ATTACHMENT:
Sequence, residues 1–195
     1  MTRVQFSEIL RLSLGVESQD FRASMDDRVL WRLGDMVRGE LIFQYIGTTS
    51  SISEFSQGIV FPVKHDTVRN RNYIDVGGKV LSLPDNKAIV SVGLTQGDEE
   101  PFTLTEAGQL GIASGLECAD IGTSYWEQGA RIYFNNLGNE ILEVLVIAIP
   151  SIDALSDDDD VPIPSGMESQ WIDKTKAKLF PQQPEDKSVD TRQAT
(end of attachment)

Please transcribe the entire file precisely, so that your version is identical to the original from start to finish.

Sequence, residues 1–195
     1  MTRVQFSEIL RLSLGVESQD FRASMDDRVL WRLGDMVRGE LIFQYIGTTS
    51  SISEFSQGIV FPVKHDTVRN RNYIDVGGKV LSLPDNKAIV SVGLTQGDEE
   101  PFTLTEAGQL GIASGLECAD IGTSYWEQGA RIYFNNLGNE ILEVLVIAIP
   151  SIDALSDDDD VPIPSGMESQ WIDKTKAKLF PQQPEDKSVD TRQAT